HIV Can Now Be Cured By Blocking Type I Interferon Protein

Scientists all over the world have constantly been dreading about the cure for HIV and AIDS diseases. As one of the most concerning diseases, clinical trials for the said illnesses are being performed to finally come up with a definite solution to the problem. Consequently, a team of researchers have recently found that by creating a disruption to a certain protein type can actually play a great role in fighting the long dreaded disease as it has been seen to result to the immune response against the viral infections brought by HIV.

Blocking Type I Interferon Protein: The Answer To HIV?

According To reports revealed by Yibada, a recent cure update has revealed a promising step towards a positive in response against viral infections through properly understanding certain protein type. The study, led by researchers from UCLA has found that by blocking type I interferon, a type of protein used for the restoration of immune function and speeding up viral suppression during treatment with anti-viral drugs have been observed. The experts claimed that interferon has the ability to fight HIV by mediating the action of both of the known restriction factors, which is why it has been previously held that the more of the said protein the better, contrary to the previous proposition of some health experts that it doesn't do any good.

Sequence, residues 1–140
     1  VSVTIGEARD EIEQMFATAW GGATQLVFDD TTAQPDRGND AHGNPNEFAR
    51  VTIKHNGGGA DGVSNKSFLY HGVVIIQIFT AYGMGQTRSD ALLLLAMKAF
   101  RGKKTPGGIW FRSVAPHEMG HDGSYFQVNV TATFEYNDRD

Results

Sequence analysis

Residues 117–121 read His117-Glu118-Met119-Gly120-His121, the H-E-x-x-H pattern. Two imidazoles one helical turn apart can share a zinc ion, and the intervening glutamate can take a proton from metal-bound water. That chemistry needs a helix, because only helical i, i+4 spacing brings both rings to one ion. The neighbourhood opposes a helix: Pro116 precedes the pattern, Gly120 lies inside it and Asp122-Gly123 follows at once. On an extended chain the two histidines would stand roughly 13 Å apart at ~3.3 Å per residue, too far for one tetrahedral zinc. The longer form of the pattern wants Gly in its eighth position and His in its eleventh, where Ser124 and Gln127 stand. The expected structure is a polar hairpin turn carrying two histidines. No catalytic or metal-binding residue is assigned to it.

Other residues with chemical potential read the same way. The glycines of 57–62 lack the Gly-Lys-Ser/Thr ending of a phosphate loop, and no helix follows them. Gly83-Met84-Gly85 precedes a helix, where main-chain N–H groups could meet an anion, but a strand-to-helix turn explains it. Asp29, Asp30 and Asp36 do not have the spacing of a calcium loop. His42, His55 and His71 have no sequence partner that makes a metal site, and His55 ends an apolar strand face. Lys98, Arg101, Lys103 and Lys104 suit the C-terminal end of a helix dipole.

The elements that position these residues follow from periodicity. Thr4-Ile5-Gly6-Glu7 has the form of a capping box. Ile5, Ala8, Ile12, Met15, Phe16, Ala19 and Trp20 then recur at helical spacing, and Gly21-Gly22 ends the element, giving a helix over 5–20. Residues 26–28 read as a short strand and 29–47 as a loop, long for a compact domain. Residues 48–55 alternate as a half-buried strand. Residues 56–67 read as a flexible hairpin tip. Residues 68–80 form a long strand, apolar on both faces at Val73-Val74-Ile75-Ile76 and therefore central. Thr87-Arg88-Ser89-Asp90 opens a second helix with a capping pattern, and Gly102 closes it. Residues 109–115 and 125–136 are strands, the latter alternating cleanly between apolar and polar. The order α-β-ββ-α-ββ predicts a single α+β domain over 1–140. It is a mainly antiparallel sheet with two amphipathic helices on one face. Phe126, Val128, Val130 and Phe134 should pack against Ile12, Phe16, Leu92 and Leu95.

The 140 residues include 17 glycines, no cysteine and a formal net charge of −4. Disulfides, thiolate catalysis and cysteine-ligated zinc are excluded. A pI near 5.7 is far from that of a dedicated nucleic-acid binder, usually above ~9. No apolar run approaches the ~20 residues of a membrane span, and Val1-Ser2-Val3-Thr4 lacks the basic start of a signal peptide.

Furthermore, in one of his statements reported by Punjab News Express, senior author of the study Scott Kitchen, who is also an Associate Professor at David Geffen School of Medicine, University of California, Los Angeles has revealed that the type of interferon that is being produced during chronic stages of HIV infection has adverse impacts on the body's ability to fight off HIV and other types of infection or cancer and could in fact be contributing to accelerated HIV disease. In conducting their study, the researchers had "Humanized mice," which have had their immune systems replaced with human immune system cells, thymus tissue and bone marrow. As a result, they eventually were able to cure HIV-infected mice with antibodies that blocked Type-I interferons. Ultimately, Prof. Kitchen and his team has concluded that by blocking this immune response against the virus had beneficial effects in lowering the amounts of virus and increasing the ability of the immune response to clear out the virus.

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